Anna Longfield, the children’s commissioner in the UK is calling for tighter controls over lootboxes. She wants the government to provide better protection for young online gamers who are spending increasing amounts of money on these video games in order to be able to stay competitive in the game and impress their friends.
The Commissioner is calling for a change in the laws so that lootboxes can be classified as gambling. This would be a big help since the UK now has strict gambling laws.
Apart from this, Longfield wants a maximum daily spending limit imposed on these lootboxes. This is mainly to protect children and ensure that they do not end up spending too much on the game.
All of this information and more is available in the commissioner’s recent report entitled ‘Gaming the System’. It reveals how some children fear that they have become addicted to gaming and no longer feel in control over how much they play. This is a worrying trend since nine out of ten children in the UK play video games. The report reveals that younger children spend two to three hours a day playing online games like Fortnite and Minecraft. Older children tend to spend the same amount of time but focus on games like Fifa, Call of Duty, and more.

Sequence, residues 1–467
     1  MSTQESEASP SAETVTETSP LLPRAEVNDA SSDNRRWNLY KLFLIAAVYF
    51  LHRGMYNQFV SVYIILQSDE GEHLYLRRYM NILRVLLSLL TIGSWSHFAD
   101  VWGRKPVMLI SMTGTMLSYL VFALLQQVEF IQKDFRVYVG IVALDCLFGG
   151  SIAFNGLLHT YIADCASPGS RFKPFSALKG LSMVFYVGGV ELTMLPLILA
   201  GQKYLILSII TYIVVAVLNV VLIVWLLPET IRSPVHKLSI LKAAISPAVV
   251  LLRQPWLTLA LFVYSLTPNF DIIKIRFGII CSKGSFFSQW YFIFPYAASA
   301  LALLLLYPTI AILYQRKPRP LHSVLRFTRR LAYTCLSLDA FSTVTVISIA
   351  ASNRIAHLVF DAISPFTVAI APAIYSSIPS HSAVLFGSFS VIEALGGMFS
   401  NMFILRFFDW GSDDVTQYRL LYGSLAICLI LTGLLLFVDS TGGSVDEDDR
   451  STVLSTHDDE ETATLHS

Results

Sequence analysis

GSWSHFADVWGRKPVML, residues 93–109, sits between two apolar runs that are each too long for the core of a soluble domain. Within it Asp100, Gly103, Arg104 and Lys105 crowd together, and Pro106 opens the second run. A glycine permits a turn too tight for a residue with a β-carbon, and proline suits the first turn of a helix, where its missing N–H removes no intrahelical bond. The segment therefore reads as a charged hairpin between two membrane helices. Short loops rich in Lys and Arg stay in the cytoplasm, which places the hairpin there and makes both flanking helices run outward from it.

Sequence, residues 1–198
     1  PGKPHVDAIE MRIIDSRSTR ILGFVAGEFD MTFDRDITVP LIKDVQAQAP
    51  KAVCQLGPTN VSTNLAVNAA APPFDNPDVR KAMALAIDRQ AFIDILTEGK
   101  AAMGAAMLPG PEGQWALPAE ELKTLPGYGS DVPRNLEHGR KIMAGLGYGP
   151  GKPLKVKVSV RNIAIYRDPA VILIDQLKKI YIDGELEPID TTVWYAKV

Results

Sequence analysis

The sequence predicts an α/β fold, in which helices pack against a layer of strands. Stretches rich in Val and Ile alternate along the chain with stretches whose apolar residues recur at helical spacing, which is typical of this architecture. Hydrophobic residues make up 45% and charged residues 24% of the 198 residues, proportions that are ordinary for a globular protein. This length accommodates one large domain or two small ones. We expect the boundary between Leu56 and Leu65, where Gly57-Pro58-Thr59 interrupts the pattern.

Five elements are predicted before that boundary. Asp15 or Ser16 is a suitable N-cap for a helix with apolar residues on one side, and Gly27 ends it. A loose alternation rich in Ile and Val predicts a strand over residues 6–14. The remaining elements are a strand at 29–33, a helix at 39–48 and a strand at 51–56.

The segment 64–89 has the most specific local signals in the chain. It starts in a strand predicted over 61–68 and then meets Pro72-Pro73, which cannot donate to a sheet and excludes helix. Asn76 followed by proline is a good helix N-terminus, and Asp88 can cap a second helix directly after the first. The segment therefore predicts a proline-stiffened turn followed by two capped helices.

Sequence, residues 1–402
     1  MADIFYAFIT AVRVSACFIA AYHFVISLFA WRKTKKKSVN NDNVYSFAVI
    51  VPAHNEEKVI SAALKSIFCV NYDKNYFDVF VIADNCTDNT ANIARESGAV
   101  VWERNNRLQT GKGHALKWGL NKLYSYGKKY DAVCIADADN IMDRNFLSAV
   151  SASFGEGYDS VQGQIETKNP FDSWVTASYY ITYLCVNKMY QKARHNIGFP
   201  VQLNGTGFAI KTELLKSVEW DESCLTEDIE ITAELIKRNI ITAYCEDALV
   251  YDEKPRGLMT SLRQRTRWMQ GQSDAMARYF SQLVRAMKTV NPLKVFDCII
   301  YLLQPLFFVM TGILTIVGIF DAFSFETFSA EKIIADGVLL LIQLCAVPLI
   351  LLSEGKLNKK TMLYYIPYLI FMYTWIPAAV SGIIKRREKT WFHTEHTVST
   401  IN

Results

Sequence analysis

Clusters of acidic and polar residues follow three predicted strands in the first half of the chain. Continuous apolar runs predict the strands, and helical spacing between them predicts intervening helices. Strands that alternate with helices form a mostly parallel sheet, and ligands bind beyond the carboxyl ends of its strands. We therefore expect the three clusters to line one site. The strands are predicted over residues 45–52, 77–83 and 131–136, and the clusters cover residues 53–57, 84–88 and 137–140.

Longfield acknowledges in her report that children can develop skills and friendships from these video games but states that young players were vulnerable to exploitation. Peer pressure often forces them to buy lootboxes so that they can remain competitive in these games.
In a statement, Longfield said
Children have told us they worry they are gambling when they buy loot boxes, and it’s clear some children are spending hundreds of pounds chasing their losses. I want the government to classify loot boxes in games like Fifa as a form of gambling. A maximum daily spend limit for children would also be reassuring for parents and children themselves.
One of the Commissioners’s suggested changes to the laws would be to add financial harm to the upcoming online harms legislation being considered by the government. The government should also immediately amend the definition of gaming in section 6 of the Gambling Act 2005 so that lootboxes can be properly regulated.
Besides that, she thinks that games distribution channels should have a legally enforceable age-rating system, just like physical games do. Online stores usually do not have these warnings. Additionally, she thinks that games that have in-game spending should have warnings prominently displayed.